Robbie Neilson expresses admiration for Hibs boss Alan Stubbs

Two young managers making their way in first managerial jobs at clubs where the scrutiny is fierce, it is not surprising Robbie Neilson has huge admiration for Hibs opposite number Alan Stubbs. As the Hearts head coach explained, they both have more in common than not.

Hearts coach Robbie Neilson, left, and Hibs boss Alan Stubbs, right, get on well with each other despite the rivalry between the clubs. Picture: Greg Macvean

It might not be what the media wanted to hear on the eve of such an anticipated clash between Neilson and Stubbs’ sides. But then when Hibs and Hearts play each other, as they do in a William Hill Scottish Cup fifth round replay tonight, is there any need to add to the hype?

Over 20,000 will be at Easter Road, numbers boosted by the television blackout imposed because of Uefa rules about broadcasting games on Champions League nights.

Sign up to our Football newsletter

Sign up to our Football newsletter

“Just like old times,” commented Neilson, clearly relishing an occasion that pitches together two managers who, however hard they try, cannot quite seem to summon up the antipathy expected – and, indeed, desired – by some.

Hearts coach Robbie Neilson, left, and Hibs boss Alan Stubbs, right, get on well with each other despite the rivalry between the clubs. Picture: Greg Macvean

Stubbs did try making one impish comment about how the late postponement of Hearts’ home league clash with Partick Thistle on Saturday had offered them a convenient day off prior to this evening’s clash.

“I supposed I probably would have liked to see both teams playing but the weather was really bad through here on Saturday,” he said, with a smile that suggested the weather “through here” was no worse than at Livingston, where Hibs played out a hard-fought goalless draw with their hosts.

Neilson, for his part, was taking issue only with the bookmakers, the majority of whom make Hibs favourites to progress to the last eight. This is strange considering the Easter Road team, although playing at home, are second in the Championship, while Hearts occupy third place in the league above. “You need to tell the bookies that!” said Neilson, when this fact was pointed out.

But Neilson had only warm words for Stubbs.

Hearts coach Robbie Neilson, left, and Hibs boss Alan Stubbs, right, get on well with each other despite the rivalry between the clubs. Picture: Greg Macvean

“I get on well with Alan,” he said. “I like him, I think he is a good guy. And I like his two assistants as well.

“There is a lot of respect between the two coaching teams,” he added.

“We both work in the same city, we are both at big clubs. Alan has come in and taken over a similar situation to myself, when the club was at a low. When you are having to build things but I think Hibs will get out of the Championship. I hope they do.”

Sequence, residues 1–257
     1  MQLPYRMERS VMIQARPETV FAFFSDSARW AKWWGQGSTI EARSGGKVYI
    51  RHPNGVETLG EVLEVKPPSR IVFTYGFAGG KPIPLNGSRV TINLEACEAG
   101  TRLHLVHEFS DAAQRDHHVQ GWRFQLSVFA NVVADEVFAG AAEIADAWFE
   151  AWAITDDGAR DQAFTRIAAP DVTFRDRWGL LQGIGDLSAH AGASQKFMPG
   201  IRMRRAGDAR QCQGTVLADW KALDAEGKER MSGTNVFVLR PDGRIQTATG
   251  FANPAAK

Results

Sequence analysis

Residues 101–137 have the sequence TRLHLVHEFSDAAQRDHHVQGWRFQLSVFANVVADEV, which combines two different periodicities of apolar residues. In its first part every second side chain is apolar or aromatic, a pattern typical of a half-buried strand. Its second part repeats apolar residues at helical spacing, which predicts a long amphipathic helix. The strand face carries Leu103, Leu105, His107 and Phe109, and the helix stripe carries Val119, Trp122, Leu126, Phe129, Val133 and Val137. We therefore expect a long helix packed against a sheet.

More than one person has noted that there is little of the needle so in evidence when Hibs take on Rangers, for example. Stubbs rarely misses a chance to try and get under Ibrox manager Mark Warburton’s skin.

A slight difference in opinion did emerge last week. Stubbs made a lacklustre attempt to score points after what some interpreted as over the top celebrations following the 2-2 draw at Tynecastle.

He had been informed of Neilson’s comment that such antics only proved how much it means to teams to simply draw at Tynecastle. Stubbs asked: Hadn’t Hearts celebrated when Alim Ozturk scored a last minute equaliser at 
Easter Road last season? Which is exactly what Neilson had conceded in a press conference a couple of days earlier. The rival managers end up agreeing with each other even when it seems they are in dispute. The nature of the assignments they have been handed is also comparable.

Stubbs accepts Hearts, who managed to gain promotion from the Championship last season, are a season ahead in their project. “Ours may take a year longer,” he said. “But we hope we can go from strength to strength as well.”

While Neilson clearly wishes
to extinguish Hibs’ Scottish Cup ambitions, he wishes them well in their bid to return to the top flight as quickly as possible.

He empathises with Stubbs’ struggles to overhaul a rival side with a bigger budget. In Hibs’ case it is Rangers, while Hearts have two to contend with: Celtic and Aberdeen.

“I think we have a lot in common,” said Neilson. “We are both competing against 
bigger teams.

“Alan is competing against Rangers and we are competing against Aberdeen and Celtic. The clubs are in similar circumstances at the moment. We’ve managed to push out of the Championship and now they are trying to do the same. I hope they do it. When you see the build-up to the Edinburgh derby, you want more of it. The television 
companies certainly want more of it.

“The sooner Hibs and Rangers get up the better,” he added.

Tonight’s clash will have no bearing on Hibs’ promotion efforts of course. If anything, it might prove obstructive, falling as it does between two vital league clashes. Hibs dropped points in the first of them, at Livingston on Saturday. Hearts, meanwhile, were handed a day off. Neilson claimed it was unwanted, particularly when players such as Abiola Dauda and Jamie Walker require match fitness.

He did, though, take the opportunity to watch Hibs in snowy West Lothian. For all that he sounded sincere in his kind sentiments towards Stubbs and his side yesterday, this doesn’t extend to completely disregarding the boundaries existing between Hibs and Hearts.

“I was sitting in the Livvy end so it was alright,” Neilson smiled, when asked how the Hibs supporters treated him. “I wasn’t going to sit in the 
Hibs end!”